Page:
Managing Migraine PainMigraines are nerve wrecking painful but this does not mean that they can’t be managed. You can take medication for the pain and even treatment but that is not the only thing you need. You need to know what to do when the migraine attacks and what triggers it.
Medication is a proven way to treat — and prevent — migraines. But medication is only part of the story. It’s also important to take good care of yourself and understand how to cope with migraine pain when it strikes.
The same lifestyle choices that promote good health can also reduce the frequency and severity of your migraines.
In fact, knowing how to manage migraine pain with lifestyle and behavioral measures, as well as medication, can often be the most effective way to handle migraines.
For you to be able to manage your migraines, you need to keep a schedule where everything remains constant. You should eat meals at a specific time, sleep at and wake up at a certain time.
Tips for People to Manage Migraine Headaches Without Medication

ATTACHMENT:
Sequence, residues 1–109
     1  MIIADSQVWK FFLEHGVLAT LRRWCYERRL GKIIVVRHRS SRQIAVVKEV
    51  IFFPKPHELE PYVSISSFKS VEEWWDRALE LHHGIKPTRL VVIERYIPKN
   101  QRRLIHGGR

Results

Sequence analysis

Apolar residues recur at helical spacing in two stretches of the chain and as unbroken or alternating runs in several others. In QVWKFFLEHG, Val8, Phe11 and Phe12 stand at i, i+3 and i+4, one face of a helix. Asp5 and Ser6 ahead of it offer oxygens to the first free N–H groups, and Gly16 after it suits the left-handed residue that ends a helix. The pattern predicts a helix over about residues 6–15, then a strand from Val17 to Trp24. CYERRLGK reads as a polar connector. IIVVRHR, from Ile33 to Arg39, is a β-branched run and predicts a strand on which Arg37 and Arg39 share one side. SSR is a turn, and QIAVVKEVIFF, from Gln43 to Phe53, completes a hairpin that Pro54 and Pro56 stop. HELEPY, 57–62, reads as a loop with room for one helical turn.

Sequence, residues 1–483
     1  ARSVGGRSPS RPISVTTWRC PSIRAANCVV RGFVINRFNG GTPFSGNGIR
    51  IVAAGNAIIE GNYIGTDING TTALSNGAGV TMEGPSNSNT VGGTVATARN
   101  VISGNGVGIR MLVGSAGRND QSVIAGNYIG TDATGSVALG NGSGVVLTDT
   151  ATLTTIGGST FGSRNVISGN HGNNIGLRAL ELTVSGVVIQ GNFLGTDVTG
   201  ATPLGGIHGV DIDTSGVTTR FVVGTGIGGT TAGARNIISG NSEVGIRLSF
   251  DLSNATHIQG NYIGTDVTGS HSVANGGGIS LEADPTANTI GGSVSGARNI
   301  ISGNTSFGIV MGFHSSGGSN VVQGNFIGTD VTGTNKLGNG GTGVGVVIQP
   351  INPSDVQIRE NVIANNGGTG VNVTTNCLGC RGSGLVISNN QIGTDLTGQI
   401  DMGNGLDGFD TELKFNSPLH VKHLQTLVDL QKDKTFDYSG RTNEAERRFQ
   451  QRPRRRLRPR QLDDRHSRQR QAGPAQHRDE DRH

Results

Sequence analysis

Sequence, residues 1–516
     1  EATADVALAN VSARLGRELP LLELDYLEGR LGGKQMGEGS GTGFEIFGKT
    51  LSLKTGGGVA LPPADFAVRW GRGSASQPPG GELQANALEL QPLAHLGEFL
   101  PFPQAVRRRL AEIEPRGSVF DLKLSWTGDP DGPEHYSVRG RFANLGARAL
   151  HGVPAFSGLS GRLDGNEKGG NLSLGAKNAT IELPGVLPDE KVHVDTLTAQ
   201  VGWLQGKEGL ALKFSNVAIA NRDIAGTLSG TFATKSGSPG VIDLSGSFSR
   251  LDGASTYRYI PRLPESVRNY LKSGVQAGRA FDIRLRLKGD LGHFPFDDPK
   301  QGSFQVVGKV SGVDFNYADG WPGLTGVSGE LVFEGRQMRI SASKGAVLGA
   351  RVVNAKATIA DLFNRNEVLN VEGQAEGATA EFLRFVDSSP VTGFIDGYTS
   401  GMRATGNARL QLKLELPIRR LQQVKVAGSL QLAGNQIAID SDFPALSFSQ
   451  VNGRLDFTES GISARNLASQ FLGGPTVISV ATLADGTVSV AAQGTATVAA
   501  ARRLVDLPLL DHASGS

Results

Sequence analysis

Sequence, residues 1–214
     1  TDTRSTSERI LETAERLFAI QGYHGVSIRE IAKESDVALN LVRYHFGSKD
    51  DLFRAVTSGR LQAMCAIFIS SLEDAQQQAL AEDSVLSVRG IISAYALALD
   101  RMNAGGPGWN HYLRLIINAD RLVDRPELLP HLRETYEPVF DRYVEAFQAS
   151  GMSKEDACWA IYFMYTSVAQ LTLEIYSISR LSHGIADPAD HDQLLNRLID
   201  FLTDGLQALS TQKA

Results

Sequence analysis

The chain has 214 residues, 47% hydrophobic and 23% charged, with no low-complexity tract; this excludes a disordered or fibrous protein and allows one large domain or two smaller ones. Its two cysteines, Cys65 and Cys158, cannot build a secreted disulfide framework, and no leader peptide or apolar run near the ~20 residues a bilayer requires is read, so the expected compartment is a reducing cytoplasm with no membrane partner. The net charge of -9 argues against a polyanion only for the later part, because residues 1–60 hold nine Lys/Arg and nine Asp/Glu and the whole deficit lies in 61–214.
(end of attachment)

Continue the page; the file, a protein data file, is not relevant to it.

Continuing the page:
Keep a consistent schedule. Migraine patients need “sameness” — same time to bed, same time to wake up, same time to eat on weekends and weekdays. Avoid changes whenever possible.
Don’t sleep late on weekends or on days off. Get up at the same time.
Women should maintain normal menstrual periods (they may need the help of a physician).
Eat meals at the same time every day — don’t delay meals for very long and don’t skip meals.
Avoid foods likely to provoke headache. Patients can obtain food lists from the American Council on Headache Education, Michigan Head Pain and Neurological Institute and the American Headache Foundation.
Exercise moderately, within your health parameters.
For neck pain, try a “neck pillow.”
Migraines can also be as a result of the food you are eating. It is therefore important to note what you eat and the reaction that follows. The main culprit in this section is alcohol.
“If someone tells me that a certain food triggers their migraines, I’m not going to argue with them. They should avoid that food,” says Lucy Rathier, PhD, clinical associate professor in the department of psychiatry and human behavior at the Warren Alpert Medical School of Brown University.
Carol Ford is quite certain that red wine is one of her triggers. “I love to drink it, but I usually pay a big price when I do,” she says. She’s not alone. One out of 3 people who have migraines say alcohol is a trigger.
Noah Rosen, MD, director of the Headache Center at North Shore-LIJ Health System’s Cushing Neuroscience Institute, isn’t surprised. He says its effects have been proven in studies. “People single out red wine or dark liquors, but unfortunately, any alcohol can be a trigger.”